Away from the antics of Craggy Island, the duo are responsible for the love story of Ted, the Irish gardener and Ralph, the sexually-repressed aristocrat of The Fast Show.

    They continued to cause controversy with Channel 4’s Brass Eye. They taught us the priceless lesson of good AIDS and bad AIDS and that apart from death, there is no long-term effect from heroin.
    On Big Train, they gave us the image of The Artist Formerly Known as Prince stalking a herd of jockeys. Big Train exchanged actors like Simon Pegg and Kevin Eldon for cameos in Black Books, which Linehan and Matthews co-wrote with Dylan Moran.

    Black Books earned the lads their second and third BAFTA in 2001 and 2005 for Best Situation Comedy. It starred Bill Bailey and Tamsin Greig and Dylan in the main roles as lovable alcoholics and social outcasts. The dynamic is similar to Linehan’s solo work on The IT Crowd.

    From his back-catalogue, you can see typical Linehan traits throughout The IT Crowd. The Irish humour is injected by Chris O’ Dowd; the nerdy awkwardness by Richard Ayoade; and the feminine touch from Katherine Parkinson. He uses comedians like Chris Morris from Brass Eye and music from The Divine Comedy’s Neil Hannon, who composed the Father Ted theme, as a reference to his past work.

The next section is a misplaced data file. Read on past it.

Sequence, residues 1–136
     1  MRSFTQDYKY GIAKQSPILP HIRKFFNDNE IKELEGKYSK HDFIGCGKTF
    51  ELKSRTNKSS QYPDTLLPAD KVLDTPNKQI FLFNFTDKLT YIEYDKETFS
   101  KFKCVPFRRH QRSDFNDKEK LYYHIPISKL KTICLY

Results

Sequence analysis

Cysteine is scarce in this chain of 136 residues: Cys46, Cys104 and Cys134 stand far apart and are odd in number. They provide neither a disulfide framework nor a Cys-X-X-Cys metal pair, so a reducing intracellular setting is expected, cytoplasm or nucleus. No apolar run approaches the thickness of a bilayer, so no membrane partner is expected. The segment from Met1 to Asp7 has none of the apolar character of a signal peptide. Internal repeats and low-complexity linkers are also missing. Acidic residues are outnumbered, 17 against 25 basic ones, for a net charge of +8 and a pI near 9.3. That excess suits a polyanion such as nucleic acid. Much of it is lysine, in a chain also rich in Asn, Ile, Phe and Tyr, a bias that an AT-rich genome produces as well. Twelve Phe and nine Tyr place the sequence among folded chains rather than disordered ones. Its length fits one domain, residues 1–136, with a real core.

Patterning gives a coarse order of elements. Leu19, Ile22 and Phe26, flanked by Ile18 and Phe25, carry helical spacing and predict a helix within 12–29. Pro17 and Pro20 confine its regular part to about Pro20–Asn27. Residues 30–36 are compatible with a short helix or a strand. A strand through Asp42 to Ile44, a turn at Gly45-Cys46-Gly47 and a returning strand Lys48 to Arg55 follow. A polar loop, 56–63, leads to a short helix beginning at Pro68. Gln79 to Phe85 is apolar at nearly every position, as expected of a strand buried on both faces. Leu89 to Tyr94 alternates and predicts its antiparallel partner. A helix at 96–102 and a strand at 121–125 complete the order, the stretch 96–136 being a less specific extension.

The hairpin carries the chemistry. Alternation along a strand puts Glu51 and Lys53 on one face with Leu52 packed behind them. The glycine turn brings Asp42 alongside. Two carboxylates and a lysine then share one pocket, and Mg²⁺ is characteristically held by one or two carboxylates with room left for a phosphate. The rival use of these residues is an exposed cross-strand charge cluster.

Now on series three, the international recognition from the Emmys indicates that The IT Crowd may be about to overwhelmingly outshine the already glistening shows under Linehan’s belt.

    Published 14 December 08

    The IT Crowd, Graham Linehan, Father Ted, Big Train, Arthur Matthews, Chris O Dowd, Dermot Morgan
  • Just Jape

    Feb 12 2009, 20:31

    'We took our first pill when the music was shit', sings Richie Egan on his 2004 song Floating which was written about a particularly bad night out in Dublin.
    Better known as Jape, Egan tries not to focus on how bad that night was but tries to 'always pocket the goodness'. Little did he know that the result of that night would later be covered by Jack White and his band The Raconteurs.